Subcategory: Balls & Bags
Vintage Mesh Pattern Golf Ball 'LYNX'.
A typical lattice, square mesh patterned 1930's rubber core golf ball in used condition. The mesh ball is a great display ball marked 'Lynx' on both poles, manufactured by The Silvertown Co., 108 Cannon Street, London, England. This is a rather attractive golf ball with a few marks on its surface.
The ball is approximately 1 5/8 inch in diameter (4.2 cm).
The Silvertown Company has been known under several names in its history. The Rubber & Gutter Percha Company, British Tire & Rubber Co. and the Telegraph Works Co. (its origin being founded around 1864). The factory at first made mostly cables but began making other products e.g. tyres and golf balls from the 1180's. The company came to the fore in the gutty ball era under the influence of Dr. Rollo Appleyard. It became hugely influential again with Albert E. Penfold (the most important figure in British golf ball manufacture in the 20th century). Penfold's early working years were under the watchful eye of the eminent scientist Dr. Rollo Appleyard. He took a prominent role in research and development and was put in charge of golf ball development in 1911. He quickly putt his own unique touch to the designs, getting a patent on his 'mesh' pattern and 'lattice' designs in 1912. Penfold assigned the 'mesh' pattern to The Silvertown Company, but he retained the rights to the 'lattice' design, this importantly would prove integral to the birth of the 'Penfold' brand.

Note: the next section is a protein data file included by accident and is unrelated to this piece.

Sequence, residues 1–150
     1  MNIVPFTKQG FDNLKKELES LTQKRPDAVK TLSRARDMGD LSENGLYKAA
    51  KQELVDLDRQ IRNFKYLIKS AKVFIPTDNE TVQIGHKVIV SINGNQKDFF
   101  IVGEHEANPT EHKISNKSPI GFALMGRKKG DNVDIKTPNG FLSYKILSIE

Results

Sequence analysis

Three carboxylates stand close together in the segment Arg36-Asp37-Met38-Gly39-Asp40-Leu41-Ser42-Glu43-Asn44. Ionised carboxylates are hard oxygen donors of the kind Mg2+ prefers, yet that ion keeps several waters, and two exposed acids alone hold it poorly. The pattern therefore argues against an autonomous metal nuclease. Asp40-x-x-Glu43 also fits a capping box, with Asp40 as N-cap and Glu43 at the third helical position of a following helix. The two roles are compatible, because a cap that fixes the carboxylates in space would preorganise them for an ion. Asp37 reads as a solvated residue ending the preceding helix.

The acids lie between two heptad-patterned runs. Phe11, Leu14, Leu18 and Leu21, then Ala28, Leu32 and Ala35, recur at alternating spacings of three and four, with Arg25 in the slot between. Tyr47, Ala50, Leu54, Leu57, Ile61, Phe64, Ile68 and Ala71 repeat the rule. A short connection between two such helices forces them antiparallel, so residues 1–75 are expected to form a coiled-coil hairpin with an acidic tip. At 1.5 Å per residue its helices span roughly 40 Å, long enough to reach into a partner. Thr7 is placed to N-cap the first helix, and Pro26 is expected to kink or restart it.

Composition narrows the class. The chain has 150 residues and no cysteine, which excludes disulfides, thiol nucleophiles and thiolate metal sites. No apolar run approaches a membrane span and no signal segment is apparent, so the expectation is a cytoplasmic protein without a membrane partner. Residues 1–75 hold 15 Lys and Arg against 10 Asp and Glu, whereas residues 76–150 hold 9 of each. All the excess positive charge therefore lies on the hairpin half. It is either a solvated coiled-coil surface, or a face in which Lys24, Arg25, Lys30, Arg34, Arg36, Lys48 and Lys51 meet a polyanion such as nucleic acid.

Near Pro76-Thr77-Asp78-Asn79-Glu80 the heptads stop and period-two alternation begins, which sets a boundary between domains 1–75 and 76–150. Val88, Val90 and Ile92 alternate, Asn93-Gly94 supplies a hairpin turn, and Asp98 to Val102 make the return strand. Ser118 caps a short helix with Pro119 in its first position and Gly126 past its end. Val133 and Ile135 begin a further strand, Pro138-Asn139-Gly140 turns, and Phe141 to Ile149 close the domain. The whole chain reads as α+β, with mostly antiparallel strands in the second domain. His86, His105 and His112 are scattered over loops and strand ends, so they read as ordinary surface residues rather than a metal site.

The rubber core ball (the ancestor of the modern ball) began its life in the late 1890's. The first mass produced rubber core ball was by Coburn Haskell of Cleveland, Ohio. The first core balls were hand wound with elastic thread with a Gutta-percha cover, moulded with the raised square mesh pattern of their predecessor. The slight irregularities in the early wound balls made them quite lively, it was not until the invention of the automatic winding machine by John Gammeter (an engineer at Goodrich) and the change of pattern from mesh to bramble that the balls became more consistent and predictable. In later years, the 1920's, the design went back to a mesh pattern with lattice design.